But we can see the implications of such action in sectors like car manufacturing in Australia and coal in the USA. By keeping industries on life support, handing out ever more subsidies to continue business-as-usual, governments are laying the groundwork for workers, landholders and indigenous people being left on the scrap heap by corporations when they eventually close shop and skip town, as well as a mess of unrehabilitated sites and worse climate change.

Governments – and oppositions – enabling this behaviour to continue while claiming that they are supporting workers are either delusional or dishonest.

In fact, the most honest approach, and the one that will be best for people and the planet, is to immediately prepare for a staged transition, facilitate a dignified exit from the coal industry for workers and communities, and ensure that the corporations which have caused this mess cover the costs.

There is no simple answer to the question “how should the next government respond to the end of coal”. What we need is a systemic shift in our politics in order to truly face up to the challenge.

Fundamentally, we need governments to commit to a climate target in line with the science, which requires us to phase out coal power and mining as soon as feasible and no later than 2030-35. Delivering that will require us to remove coal’s stranglehold on our politics, through donations reform, ending fossil fuel subsidies and closing the revolving door between staffers, politicians and industry.

But, critically, we also need to ensure that coal companies pay for rehabilitation of sites and just transitions plans for communities, as well as contribute towards loss and damage, before they relocate or go bankrupt, and engage communities thoroughly and honestly in questions about their future, through properly funded consultations beginning immediately. Ideally, we would also enable them to walk into the future with confidence through a mechanism such as a localised trial of a guaranteed adequate income.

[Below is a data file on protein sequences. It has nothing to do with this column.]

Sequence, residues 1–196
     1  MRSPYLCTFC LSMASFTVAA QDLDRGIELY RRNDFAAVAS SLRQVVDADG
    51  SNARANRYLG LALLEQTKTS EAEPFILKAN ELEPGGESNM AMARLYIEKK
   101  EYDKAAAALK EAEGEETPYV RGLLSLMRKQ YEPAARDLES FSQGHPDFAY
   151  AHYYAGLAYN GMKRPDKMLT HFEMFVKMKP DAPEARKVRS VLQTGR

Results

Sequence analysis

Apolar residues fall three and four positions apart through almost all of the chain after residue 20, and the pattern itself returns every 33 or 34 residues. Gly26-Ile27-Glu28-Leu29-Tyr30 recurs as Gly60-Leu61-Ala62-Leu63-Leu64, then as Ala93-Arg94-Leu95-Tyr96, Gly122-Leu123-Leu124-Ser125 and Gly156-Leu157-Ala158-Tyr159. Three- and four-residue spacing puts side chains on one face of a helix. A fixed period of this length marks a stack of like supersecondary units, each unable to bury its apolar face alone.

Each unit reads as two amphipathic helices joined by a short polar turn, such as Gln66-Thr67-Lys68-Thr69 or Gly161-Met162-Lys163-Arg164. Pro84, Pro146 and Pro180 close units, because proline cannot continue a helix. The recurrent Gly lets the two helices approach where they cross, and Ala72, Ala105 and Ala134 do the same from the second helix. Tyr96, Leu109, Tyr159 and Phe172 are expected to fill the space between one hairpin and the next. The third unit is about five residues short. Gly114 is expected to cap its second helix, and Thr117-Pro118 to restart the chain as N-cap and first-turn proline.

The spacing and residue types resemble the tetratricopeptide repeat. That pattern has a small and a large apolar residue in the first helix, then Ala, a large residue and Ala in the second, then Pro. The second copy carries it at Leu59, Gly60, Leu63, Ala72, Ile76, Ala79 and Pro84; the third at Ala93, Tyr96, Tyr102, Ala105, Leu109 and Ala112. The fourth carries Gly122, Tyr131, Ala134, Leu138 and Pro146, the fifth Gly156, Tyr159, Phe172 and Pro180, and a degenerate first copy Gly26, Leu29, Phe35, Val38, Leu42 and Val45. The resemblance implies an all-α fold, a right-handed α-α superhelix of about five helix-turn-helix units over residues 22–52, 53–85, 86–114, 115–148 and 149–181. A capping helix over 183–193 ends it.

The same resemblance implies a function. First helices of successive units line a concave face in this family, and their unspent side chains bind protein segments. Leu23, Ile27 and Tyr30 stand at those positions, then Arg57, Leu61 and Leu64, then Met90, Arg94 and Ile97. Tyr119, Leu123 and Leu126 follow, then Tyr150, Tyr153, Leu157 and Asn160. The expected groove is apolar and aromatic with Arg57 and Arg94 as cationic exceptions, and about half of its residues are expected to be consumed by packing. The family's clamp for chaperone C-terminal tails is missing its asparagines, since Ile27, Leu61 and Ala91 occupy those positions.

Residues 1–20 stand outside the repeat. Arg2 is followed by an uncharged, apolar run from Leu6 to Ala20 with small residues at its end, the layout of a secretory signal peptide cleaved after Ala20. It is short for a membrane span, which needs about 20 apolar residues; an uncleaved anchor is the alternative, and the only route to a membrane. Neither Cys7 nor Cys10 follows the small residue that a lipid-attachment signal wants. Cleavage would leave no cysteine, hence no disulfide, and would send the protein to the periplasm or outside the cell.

The end of coal doesn’t need to fill us with fear. We can embrace it as an exciting opportunity. But, frankly, regardless of how we approach it, we’d better get used to the fact that it is now upon us. After wasted years ignoring the signs that it was coming, it’s about time we made the end of coal work for all of us.

Tim Hollo is the Director of The Green Institute. https://www.greeninstitute.org.au

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18 Comments
  1. Robert Comerford 3 years ago

    Yet the opposition leader last night stated that coal was still part of our future for years to come. I guess he realises if you don’t want to stay in opposition you don’t upset all those dependent on fossil fuel jobs. There is a lot of them and they vote. Let us hope that no one wants our coal.

    • neroden 3 years ago

      The Greens are the only ones with sensible policies at this point.

    • Brunel 3 years ago

      You mean Bill Shorten?

      He is in no man’s land. The LNP will accuse him of secretly wanting to put a price on co2.

      Shorten may as well say that he will put a price on co2 and the money will be given as compensation to the poor – $5000/year to every voter with an income of less than $50k/year and $2500/year to every voter under $80k/year.

      Have a sugar tax also.

      • Alastair Leith 3 years ago

        ETS is ALP policy, not that you’d have heard it this election. With Liberals not even mentioning climate it’s left ALP to play climate down or soft message it for an easy win over LNC because Libs and Nats are controlled by deniers. And there’s one ring to govern them all, it’s $3.7m in political party donations from fossil fuels since the last federal election.

      • Dispassionate 3 years ago

        Sugar tax would probably save more lives!

    • FIFO69 3 years ago

      Demand for Australian coal is set to increase 15% between now and 2040.

      Note that hard coking coal (and other coals such as soft coking coal and PCI coal) is also used for making steel. The bowen basin is one of the best provinces in the world for this type of coal.

      Until the world stops producing steel there will be coal mining in Queensland.

  2. Jenny Goldie 3 years ago